Dental Health Tips for Pets

Caring Smiles Celebrates National Dog Day

In honor of National Dog Day, Caring Smiles is changing things up a little bit, and instead of giving you tips for your own dental health, we’d like to share some tips on how to best take care of your four-legged friends’ smiles! We’ve partnered with Dr. Naomi Hoyer, a veterinary dentist at Colorado State University’s Veterinary School.

She frequently receives questions about how to take care of dogs’ and cats’ teeth at home. Click here to see the video she put together to hear it straight from the horse’s mouth!

Start with a trip to the vet.

To make sure you’re taking the very best care of your pet’s dental health, you should really visit a veterinarian first. Unlike with people, signs of dental disease are much more difficult to casually observe in pets. Dogs have 42 teeth while cats have 30, and you’re only able to see the surfaces of less than half of them. Animals also don’t tend to just stick out their tongue willingly and say, “aah!”

That’s why it’s important to have a trained professional take the time and really get a thorough examination of your pet’s teeth. From there, your vet can determine whether home care will be sufficient or if your pet will need anesthetized cleaning. 

What does home care entail?

If your veterinarian deems that home care is the best course of action for your pet, then the best thing to do is simply brush their teeth! Luckily, you don’t need any special equipment or training. It’s similar to brushing your own teeth; however, you’ll likely have to spend more time getting your pet to cooperate so you can actually brush their teeth thoroughly.

When brushing your dog or cat’s teeth, you really only need to focus on brushing the outer surfaces (that face the inside of their cheek). Their tongues do a great job of removing any hardened plaque on the interior side of their teeth.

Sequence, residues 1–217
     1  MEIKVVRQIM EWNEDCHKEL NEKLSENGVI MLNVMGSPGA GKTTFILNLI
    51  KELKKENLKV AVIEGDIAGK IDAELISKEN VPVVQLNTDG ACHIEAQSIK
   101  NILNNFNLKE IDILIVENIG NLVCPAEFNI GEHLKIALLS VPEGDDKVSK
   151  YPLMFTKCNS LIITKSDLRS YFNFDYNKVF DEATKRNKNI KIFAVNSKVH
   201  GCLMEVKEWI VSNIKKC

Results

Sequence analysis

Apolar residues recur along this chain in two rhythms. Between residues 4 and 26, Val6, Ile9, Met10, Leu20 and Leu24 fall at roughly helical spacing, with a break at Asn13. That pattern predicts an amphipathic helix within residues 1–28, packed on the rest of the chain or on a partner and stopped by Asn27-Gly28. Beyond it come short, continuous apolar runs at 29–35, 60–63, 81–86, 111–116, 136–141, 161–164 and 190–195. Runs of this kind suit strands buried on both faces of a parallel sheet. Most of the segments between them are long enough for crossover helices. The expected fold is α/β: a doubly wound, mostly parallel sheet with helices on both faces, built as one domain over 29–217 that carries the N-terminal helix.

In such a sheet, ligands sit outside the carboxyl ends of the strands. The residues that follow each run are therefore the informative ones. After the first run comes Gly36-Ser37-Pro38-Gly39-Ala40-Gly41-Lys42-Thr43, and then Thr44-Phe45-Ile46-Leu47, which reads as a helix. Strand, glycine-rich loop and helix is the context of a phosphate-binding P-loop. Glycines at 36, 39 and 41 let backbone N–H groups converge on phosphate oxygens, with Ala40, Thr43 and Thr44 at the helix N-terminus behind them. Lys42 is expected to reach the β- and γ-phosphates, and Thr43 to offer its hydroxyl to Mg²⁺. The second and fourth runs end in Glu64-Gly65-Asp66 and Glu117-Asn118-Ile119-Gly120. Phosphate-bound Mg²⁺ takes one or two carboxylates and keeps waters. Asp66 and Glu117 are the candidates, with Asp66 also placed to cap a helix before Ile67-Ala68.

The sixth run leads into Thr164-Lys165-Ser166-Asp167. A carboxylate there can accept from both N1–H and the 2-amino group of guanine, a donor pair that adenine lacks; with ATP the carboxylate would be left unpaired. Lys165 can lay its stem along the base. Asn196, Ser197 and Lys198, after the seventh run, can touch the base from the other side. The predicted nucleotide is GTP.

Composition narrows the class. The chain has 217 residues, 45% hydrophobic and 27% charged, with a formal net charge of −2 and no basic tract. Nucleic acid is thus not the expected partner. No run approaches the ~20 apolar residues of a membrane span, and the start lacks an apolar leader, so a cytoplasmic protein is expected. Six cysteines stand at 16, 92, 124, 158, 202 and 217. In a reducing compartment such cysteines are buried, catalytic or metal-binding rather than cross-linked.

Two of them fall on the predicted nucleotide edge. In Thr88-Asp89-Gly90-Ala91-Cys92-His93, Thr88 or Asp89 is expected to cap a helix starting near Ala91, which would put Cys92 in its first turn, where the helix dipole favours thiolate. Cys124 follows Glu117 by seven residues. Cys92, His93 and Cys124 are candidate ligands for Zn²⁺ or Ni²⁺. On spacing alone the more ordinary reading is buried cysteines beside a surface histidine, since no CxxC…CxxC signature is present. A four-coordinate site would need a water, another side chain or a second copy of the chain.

If they won’t let you brush, give them a treat.


If your pet won’t let you brush their teeth thoroughly, that’s okay. You can give treats or chews to help them get rid of plaque on their teeth. However, you do want to be careful with very hard treats or big bones. While they are very good at removing plaque, that means they’re also hard enough to break your pet’s teeth. This can be especially problematic with younger dogs and cats since their teeth are softer.

When in doubt, see a professional. 

Even if home care seems to be going well between brushing or using treats, it’s always a good idea to schedule regular visits with a veterinarian so they can make sure your pet’s teeth are healthy. They can help catch dental diseases before they get too serious. 

The same goes for people — while routine brushing is the foundation of proper dental hygiene, it’s always good to visit the dentist regularly to make sure there are no underlying issues or concerns. The team at Caring Smiles is always here to help make sure your teeth look and feel great!